Nunhead: from hamlet to architectural gem
The first few days of the ninth month of the year are
meant to usher in change. This change is of a slow nature and transition,
though. It’s as if summer has trouble vacating its room and autumn is too lazy
to move in. The unexpected weather situation plays out in people’s choice of
clothes. Instead of long-sleeved tops and hoodies, we have vests, cropped tops
and the odd bare-chested, beer-bellied bloke on display on the Regents Canal
I decide to take the longer route to Nunhead Cemetery; down the canal, Limehouse Basin-bound, instead of the faster and more direct one down Whitechapel and Mansell Street. I’m in no hurry and could do with a break from motorised traffic.
It’s logical that as a cyclist my eyes are fixed either on what’s ahead of me or on the ground. Factor in regular shoulder checks behind me and what this means in reality is that I miss a hell of a lot of what goes on above.
The end of summer signals migration for many birds. Whilst I’m still none the wiser when it comes to our winged friends (this was my homework from the first lockdown and I never got around to completing it), I’m aware that swallows are about to head south once more.
Still riding as carefully as I can, I scan the skies above me every now and then. There are no signs of swallows, or swifts (I often confuse the two). A V-shaped skein of geese passes me overheard, its quasi-military flypast formation a beauty to behold.
What I do notice is the long, white trail of a plane on the cloudless sky. A rare sight just a year ago, these other birds (of a metallic winged nature) are making a quick return to our airspace.
Over the walls of a school on the banks of the Regents Canal, I hear laughter. It’s the sort of laughter that makes me nostalgic for those eleven plus years I worked in primary schools. There’s no sweeter sound to make my heart sing than that of children playing during morning break or at lunchtime, making up their own games, giving a makeover to others or bringing back old ones.
I leave the off-road path and join the westbound traffic on the A1203. Again, I’m surprised by the amount of vehicles on the road. It’s not even noon yet, however it’s a horns-beeping and free-fumes-for-all motor festival here in east London.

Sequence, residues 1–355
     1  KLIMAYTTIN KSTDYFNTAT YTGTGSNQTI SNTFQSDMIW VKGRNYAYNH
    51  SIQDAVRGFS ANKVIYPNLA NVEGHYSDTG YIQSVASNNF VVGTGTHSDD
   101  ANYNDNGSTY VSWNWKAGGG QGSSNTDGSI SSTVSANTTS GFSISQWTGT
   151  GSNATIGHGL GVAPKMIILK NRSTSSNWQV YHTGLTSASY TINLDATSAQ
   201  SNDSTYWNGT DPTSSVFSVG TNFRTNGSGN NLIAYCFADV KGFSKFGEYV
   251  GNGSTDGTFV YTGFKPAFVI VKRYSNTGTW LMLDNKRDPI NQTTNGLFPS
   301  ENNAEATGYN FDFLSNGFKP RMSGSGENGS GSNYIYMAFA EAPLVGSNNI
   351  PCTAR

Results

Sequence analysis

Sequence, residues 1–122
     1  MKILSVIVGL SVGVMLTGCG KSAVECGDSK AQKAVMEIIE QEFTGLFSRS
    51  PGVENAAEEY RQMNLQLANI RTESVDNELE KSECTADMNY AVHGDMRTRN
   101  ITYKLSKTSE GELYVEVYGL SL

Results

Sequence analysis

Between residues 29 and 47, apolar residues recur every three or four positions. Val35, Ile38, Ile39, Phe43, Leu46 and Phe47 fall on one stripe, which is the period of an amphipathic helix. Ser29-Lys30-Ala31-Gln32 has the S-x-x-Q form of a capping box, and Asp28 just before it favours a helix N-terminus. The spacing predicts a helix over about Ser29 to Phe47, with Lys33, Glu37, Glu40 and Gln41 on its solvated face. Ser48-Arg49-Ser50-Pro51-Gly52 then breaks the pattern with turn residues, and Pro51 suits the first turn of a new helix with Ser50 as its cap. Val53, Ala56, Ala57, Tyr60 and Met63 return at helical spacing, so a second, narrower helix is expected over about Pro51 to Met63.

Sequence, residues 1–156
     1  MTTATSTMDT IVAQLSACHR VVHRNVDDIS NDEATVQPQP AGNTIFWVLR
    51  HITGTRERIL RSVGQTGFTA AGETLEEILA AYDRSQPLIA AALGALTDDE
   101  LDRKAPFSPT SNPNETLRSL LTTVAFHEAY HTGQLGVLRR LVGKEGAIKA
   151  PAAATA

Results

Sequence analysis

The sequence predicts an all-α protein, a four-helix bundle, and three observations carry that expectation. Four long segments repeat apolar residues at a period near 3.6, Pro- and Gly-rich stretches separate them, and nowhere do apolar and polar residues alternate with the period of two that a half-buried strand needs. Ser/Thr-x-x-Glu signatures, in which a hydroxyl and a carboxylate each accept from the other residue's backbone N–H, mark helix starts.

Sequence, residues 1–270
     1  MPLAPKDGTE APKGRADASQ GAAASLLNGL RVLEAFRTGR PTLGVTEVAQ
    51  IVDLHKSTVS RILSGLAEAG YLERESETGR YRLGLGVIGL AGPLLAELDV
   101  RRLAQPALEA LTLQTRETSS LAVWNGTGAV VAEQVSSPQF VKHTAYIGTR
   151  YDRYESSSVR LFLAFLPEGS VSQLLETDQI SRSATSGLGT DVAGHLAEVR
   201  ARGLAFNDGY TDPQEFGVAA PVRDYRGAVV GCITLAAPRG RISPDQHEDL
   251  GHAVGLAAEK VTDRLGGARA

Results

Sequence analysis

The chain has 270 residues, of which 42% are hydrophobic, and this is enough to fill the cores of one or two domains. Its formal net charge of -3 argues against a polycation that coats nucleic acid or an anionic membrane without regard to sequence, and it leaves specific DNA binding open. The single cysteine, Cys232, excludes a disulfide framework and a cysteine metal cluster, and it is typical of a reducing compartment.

Cycling over Tower Bridge and heading south of the river, I wonder (not for the first time) how Londoners feel about the Thames. I was born by the water. The sea was a few minutes away from my flat in Havana. And polluted though the water is, we love sitting by it, on the Malecón (seawall), declaring our love to it. Away from it, almost every single habanero I know feels nostalgic for the sea. But a river is not the sea. The vastness of the latter is limited by the banks of the former. At the same time, this city’s history is closely linked to water. The first settlements were based near the Thames. The current site of the City of London is the original Londonium, named so by the invading Romans who made their way along the river.
We must also take into account the sheer size of London. Would someone living in the sticks (say, Barnet or Bromley) feel the same way about the Thames as someone living in Greenwich or Westminster? Propinquity tightens bonds, in my opinion. A closeness that Wilfred Owen’s ghost feels himself in the poem “Shadwell Stair”, as he moves “along the wharves by the water-house/and through the cavernous slaughter-house”.
Built in 1840, like Abney and Brompton cemeteries, Nunhead was a small village surrounded by market gardens and open fields. Unlike five of the other “magnificent seven” (Highgate Cemetery sits on a hill), Nunhead rises to two hundred feet above sea level at its highest point. On a clear day, in the distance you can see the City of London and its (ugly, in my opinion) all-domineering, towering high-rises, St Paul’s Cathedral and even Alexandra Palace.
The silver lining for the graveyard, especially for its trees and wildlife, came in the 1960s and 70s. Unable to earn any revenue from the grounds, the United Cemetery Company left it to its own devices. Nature took over and the cemetery changed from lawn cemetery to meadow and woodland. Bird species include green woodpeckers, tawny owls and ring-necked parakeets. Amongst the trees, specimens include the horse chestnut, the gingko and the oak.
Nunhead has three Grade II-listed buildings: the two gate lodges and the Anglican Chapel. The latter was destroyed by an arson attack in 1976. Thanks to a Heritage Lottery Fund the building was refurbished and made safe and accessible to the public in 2001. It is nowadays used for theatre and music performances.
As I unlock my bicycle outside Nunhead I hear fluttering overhead. I look up and I think I see a couple of swallows criss-crossing the air. But, then, again, they could also be swifts. You never know. And I’m none the wiser.